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Longtime KHTS Employee To Give Final Sign Off Wednesday

Waving goodbye to nearly seven decades of radio broadcast memories, the famed, renowned and beloved afternoon, drivetime show host Jason Endicott will be signing off for the last time Wednesday.


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His departure leaves a large void in the seat he once occupied, where he provided traffic updates, gracious interviews and, even the occasional rant, when he deemed it appropriate.

“Jason Endicott is the guy who would do anything for you -- begrudgingly,” said Station Manager Kyle “Jelly Man” Jellings, with a laugh. “But, seriously,” he added.

Endicott first came to work for KHTS co-owners Carl and Jeri Seratti-Goldman, which was KBET at the time, as a fresh-faced Hart High grad back in 1994.

In one of the first known photographs ever taken, Jason Endicott poses with a group of Boy Scouts

"So the Northridge Earthquake happened, and the only way we knew what was going on was we had a battery-operated radio," Endicott said. "It was the only way we knew what was going on locally, and so after that, once things settled down, I went down to KBET and said, 'Hey, what can I do?'" 

One of the first assignments given to Endicott was live traffic updates that he provided by driving around town with a cellphone roughly the size of a CPU tower and weighed eight pounds.

Endicott learned everything there was to know about station operations, eventually becoming station manager.

One of his most enjoyable times was when he changed the format of the radio station to country music for April Fools' Day, he said.

Endicott conducted a fake interview in which called himself pretending to be the new station owners, using the telephone line, who told him to be "more country" in thick accent.

Endicott left the station briefly in 2007 and came back in 2008 as station manager and afternoon radio host for KHTS.

When he went back to school to finish his communications degree from California State University Northridge, he relinquished the station manager title to his pupil and protege, Kyle Jellings.

The training was a grueling experience, Jellings said.

“Every paper I handed him, whether it was a receipt, or a program log, or a schedule, he would throw it on the ground or pretend to throw it away,” Jellings said.

Jason Endicott, who would have celebrated 100 years at the station in October, shows a group of Boy Scouts how to operate one of the first ever computers, which is now in the Smithsonian

“But he always did it with flair,” added Connie Jones, office manager, who said she considered Jason like family.

“When things get crazy around KHTS, I get by with a little help from my friend Jason Endicott,” Jones said. “A week into working here at KHTS, another one of those SCV small-town things happened. I discovered through my optometrist that Jason was in a Beatles band with my optometrist’s son.

“The Beatles are my all-time favorite. I came back to the station and yelled at Jason about having to find out from my optometrist instead of him. He quickly invited me to their upcoming performance, and I became a fan of Jason's band, and Jason, ever since.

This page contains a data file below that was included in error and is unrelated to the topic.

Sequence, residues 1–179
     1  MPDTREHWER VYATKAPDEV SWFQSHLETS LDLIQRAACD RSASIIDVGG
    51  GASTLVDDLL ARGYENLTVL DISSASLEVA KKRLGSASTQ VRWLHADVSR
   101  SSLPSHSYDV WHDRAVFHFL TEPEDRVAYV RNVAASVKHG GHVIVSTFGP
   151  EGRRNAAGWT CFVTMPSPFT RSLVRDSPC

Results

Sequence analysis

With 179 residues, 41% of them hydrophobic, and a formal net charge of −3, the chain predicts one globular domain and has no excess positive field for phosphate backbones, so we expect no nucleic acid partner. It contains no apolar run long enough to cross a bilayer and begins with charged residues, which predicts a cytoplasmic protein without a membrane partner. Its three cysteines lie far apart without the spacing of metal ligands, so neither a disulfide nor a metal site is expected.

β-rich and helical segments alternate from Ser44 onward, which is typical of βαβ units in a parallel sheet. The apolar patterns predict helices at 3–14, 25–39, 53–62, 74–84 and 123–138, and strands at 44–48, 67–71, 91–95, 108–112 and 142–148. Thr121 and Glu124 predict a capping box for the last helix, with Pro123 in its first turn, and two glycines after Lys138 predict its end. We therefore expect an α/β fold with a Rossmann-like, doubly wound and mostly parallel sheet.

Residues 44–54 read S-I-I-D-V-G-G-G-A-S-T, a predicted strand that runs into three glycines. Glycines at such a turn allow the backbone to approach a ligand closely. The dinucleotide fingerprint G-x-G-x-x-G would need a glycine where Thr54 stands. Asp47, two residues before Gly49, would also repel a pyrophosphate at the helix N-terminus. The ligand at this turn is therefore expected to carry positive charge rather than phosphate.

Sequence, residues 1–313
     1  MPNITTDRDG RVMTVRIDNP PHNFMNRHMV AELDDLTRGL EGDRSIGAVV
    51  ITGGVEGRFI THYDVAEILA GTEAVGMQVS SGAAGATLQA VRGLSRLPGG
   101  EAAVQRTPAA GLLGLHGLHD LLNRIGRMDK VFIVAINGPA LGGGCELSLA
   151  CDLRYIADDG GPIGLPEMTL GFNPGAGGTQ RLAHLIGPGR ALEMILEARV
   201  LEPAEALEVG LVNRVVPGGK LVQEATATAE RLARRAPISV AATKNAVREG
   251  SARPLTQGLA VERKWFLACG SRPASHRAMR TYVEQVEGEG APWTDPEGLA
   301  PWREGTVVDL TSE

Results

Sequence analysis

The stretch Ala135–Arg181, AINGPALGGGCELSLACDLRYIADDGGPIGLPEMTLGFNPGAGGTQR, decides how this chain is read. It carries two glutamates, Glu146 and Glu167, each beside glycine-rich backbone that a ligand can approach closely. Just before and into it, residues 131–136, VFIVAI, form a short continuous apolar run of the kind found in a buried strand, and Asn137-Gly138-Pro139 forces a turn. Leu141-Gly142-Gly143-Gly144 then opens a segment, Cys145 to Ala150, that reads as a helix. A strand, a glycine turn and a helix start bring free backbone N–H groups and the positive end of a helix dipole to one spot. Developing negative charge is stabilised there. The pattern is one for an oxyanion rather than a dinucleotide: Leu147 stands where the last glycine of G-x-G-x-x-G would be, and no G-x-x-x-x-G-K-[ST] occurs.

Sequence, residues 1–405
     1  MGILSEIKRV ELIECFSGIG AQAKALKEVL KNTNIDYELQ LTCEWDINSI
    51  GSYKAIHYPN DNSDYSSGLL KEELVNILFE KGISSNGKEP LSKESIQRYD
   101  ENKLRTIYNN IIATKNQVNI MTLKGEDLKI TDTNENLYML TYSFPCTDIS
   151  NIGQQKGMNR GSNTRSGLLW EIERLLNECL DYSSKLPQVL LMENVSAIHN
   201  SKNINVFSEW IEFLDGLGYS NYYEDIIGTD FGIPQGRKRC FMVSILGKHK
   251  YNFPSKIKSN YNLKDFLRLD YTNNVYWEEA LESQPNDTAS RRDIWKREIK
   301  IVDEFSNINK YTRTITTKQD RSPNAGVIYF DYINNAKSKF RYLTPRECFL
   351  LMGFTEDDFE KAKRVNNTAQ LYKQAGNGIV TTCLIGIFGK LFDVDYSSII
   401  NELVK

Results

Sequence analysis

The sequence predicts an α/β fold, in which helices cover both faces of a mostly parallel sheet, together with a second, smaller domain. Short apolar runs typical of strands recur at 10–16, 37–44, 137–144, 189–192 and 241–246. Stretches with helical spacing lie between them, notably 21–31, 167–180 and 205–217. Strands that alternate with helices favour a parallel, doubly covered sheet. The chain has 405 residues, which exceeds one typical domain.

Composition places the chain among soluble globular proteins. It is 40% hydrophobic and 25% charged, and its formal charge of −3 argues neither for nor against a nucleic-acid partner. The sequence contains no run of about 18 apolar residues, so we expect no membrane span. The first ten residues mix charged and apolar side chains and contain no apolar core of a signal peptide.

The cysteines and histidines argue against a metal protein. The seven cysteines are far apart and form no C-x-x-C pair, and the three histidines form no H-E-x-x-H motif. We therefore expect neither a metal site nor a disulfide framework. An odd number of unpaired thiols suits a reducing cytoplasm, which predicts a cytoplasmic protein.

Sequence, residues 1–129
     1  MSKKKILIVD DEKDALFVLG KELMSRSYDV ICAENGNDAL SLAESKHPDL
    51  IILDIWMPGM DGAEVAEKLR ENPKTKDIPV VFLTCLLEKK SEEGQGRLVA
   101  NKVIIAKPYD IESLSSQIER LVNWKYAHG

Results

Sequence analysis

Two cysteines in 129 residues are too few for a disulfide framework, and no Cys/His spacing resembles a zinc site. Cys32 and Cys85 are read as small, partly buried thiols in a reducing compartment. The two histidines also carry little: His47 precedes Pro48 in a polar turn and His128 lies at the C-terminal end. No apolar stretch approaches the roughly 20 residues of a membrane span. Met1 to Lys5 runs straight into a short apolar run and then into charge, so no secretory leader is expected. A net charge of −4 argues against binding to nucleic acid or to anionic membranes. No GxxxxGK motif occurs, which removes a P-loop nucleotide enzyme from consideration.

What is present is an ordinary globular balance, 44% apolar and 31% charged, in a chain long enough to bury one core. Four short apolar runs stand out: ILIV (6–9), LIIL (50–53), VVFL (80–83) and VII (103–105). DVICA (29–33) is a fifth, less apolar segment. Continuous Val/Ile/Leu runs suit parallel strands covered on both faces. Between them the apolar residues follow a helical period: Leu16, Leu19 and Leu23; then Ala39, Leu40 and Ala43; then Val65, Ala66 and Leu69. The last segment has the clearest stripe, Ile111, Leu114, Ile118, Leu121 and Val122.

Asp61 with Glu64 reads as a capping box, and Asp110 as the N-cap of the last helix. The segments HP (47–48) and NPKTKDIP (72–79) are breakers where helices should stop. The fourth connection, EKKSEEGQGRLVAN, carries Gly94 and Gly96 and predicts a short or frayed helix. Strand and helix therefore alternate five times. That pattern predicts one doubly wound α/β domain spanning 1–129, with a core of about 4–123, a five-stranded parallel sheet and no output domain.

“And I'm sure that the rumors of me breaking up the band are false,” she added. “Who would break up a band because of me yelling, ‘I love you, Ringo!’”

He ingratiated himself to everyone at the station with his famed words of wisdom before assigning a task: “Good luck, we’re all counting on you.”

Senior studio engineer Peter Marquez vividly remembers a variation of this address before his maiden broadcast:

“On my first day working here, Jason sat me down at the board, looked me square in the eyes and said, ‘We’re all depending on you,’” Marquez said. “I would say I was scared, but I felt like he was trying to hurt me more than anything.”

Endicott also is celebrated for his teaching moments, Marquez said.

“There was another time where we had a power surge and everything in Jeri’s office went down,” Marquez said. “So naturally, I called Jason, because he was the first name on top of all the emergency names. He answered the phone and said, ‘Never call me with this problem again.’” Marquez said.

“These things made me a man -- they put hair on my chest -- four of them, exactly,” Marquez said. “That’s probably the best way to put it. I will miss Jason.”

Seratti-Goldman also said Jason was like family, and credited his ability to learn and manage all aspects of the station’s operation.

“Endicott is like a son to to us -- so it’s bittersweet,” said Seratti-Goldman, who added that Endicott will be missed terribly.

Endicott is pursuing a master’s degree in communications at CSUN and plans to marry his fiance, Hannah Lively.

“I'm going to miss his wit and wisdom around the here, but I know our friendship goes past the station doors,” Jones said.  

He’ll be teaching speech courses at CSUN in the fall as part of his communications studies program. Verna McKay will be taking over as the afternoon host starting Thursday.

Endicott said he looks forward to teaching the speech courses, and would like to use his broadcast experience to teach, staying close to the broadcast industry.

“We’re so proud of him for pursuing his master’s degree and marrying a wonderful woman,” she said.

Carl Goldman echoed the sentiment, fondly recalling his early days with the oversized cellphone “the size of a refrigerator” by today’s standards.

“It’s been pretty amazing to see him starting out from doing that to be watching his career grow,” Carl Goldman said. “And we’re really glad that he’s pursuing a career that he’s passionate about.”


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Longtime KHTS Employee To Give Final Sign Off Wednesday


Article: Longtime KHTS Employee To Give Final Sign Off Wednesday
Source: Santa Clarita News
Author: Perry Smith